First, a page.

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Three Millennia of Greek Literature
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Vasilief, A History of the Byzantine Empire

The Heraclian epoch (610-717)

Literature, learning, and art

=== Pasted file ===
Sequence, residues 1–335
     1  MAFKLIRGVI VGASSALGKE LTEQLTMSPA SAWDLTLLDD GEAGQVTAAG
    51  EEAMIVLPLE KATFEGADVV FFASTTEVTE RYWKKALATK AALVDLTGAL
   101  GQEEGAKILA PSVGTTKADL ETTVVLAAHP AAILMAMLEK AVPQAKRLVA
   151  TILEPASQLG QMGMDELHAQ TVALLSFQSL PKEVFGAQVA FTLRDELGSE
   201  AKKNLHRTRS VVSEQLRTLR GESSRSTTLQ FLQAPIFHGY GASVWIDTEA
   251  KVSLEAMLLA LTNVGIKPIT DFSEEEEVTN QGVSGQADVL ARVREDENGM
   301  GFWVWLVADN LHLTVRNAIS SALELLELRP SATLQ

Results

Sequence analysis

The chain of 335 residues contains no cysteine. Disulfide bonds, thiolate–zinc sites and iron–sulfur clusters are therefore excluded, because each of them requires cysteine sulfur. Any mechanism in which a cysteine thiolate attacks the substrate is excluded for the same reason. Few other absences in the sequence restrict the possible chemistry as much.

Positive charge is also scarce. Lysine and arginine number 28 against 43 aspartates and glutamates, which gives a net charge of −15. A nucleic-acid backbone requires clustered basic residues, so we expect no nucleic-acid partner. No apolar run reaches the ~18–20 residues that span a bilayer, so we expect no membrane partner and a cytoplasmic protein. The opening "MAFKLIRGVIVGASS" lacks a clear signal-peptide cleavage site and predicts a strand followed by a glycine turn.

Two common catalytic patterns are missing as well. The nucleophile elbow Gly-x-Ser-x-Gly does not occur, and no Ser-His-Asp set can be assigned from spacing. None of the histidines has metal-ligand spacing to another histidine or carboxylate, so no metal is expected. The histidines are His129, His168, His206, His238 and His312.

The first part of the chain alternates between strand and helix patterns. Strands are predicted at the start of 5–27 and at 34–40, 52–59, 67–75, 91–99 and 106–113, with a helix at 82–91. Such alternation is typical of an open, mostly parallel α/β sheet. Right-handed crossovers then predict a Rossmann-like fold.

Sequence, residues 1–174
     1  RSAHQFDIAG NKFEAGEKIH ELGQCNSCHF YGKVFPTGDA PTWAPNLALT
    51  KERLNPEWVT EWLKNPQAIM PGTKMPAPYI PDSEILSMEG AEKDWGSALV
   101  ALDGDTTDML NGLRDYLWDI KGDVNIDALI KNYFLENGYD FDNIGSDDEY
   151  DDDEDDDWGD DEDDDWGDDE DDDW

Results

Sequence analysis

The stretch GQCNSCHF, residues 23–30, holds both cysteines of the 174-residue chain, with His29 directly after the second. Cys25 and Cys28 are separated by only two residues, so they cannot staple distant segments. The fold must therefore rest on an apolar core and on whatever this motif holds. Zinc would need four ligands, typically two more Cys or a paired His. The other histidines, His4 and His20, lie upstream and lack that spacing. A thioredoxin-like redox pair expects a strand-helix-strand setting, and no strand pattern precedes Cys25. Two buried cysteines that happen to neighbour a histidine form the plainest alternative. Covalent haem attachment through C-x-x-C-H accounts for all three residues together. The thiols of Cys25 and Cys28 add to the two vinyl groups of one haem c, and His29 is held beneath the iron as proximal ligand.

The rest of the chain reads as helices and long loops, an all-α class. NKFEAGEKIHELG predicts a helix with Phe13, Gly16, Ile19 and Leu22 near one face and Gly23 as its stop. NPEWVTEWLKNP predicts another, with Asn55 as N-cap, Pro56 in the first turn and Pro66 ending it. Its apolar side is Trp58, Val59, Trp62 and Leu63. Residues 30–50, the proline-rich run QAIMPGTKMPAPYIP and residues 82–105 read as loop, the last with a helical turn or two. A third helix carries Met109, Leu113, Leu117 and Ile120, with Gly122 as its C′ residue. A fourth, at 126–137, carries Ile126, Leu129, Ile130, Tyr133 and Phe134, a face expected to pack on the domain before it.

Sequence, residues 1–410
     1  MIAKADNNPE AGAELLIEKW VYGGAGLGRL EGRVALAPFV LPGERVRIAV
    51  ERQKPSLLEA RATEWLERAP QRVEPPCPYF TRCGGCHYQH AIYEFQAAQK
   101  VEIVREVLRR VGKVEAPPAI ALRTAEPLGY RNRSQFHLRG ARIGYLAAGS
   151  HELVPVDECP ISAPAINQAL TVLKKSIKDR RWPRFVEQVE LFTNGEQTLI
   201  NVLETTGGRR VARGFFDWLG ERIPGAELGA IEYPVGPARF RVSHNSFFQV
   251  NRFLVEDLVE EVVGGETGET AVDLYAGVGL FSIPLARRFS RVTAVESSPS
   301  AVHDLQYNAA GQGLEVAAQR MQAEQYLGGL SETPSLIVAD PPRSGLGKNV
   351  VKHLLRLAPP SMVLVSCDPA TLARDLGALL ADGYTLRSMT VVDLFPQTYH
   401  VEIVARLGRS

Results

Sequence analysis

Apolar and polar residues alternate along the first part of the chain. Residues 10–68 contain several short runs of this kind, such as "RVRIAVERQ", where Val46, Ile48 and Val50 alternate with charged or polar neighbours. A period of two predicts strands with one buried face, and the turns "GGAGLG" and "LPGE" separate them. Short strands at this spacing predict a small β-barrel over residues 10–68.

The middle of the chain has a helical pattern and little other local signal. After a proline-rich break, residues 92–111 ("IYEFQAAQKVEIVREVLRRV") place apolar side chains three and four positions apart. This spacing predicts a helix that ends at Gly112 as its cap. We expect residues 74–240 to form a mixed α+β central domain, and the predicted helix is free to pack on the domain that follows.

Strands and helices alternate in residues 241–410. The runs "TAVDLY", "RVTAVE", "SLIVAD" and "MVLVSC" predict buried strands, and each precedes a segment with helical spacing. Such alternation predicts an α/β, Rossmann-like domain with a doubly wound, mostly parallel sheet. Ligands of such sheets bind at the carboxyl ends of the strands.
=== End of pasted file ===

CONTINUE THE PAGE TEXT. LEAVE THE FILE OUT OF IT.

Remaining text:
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With regard to letters and art, the period from 610 to 717 is the darkest epoch in the entire existence of the Empire. After the abundant activity of the preceding century, intellectual creativeness seemed to have died out completely. The main cause of the sterility of this period must be sought in the political conditions of the Empire, which was forced to direct all its energies toward defense against its external enemies. The Persian, and later the Arabian, conquest of the culturally advanced and intellectually productive eastern provinces of Syria, Palestine, Egypt, and North Africa, the Arabian menace to Asia Minor, the islands of the Mediterranean, and even the capital itself, the Avaro-Slavonic menace in the Balkan peninsula all this created conditions practically prohibitive of any intellectual and artistic activity. Unfavorable conditions prevailed, not only in the provinces torn away from the Empire, but also in those which still formed part of it.

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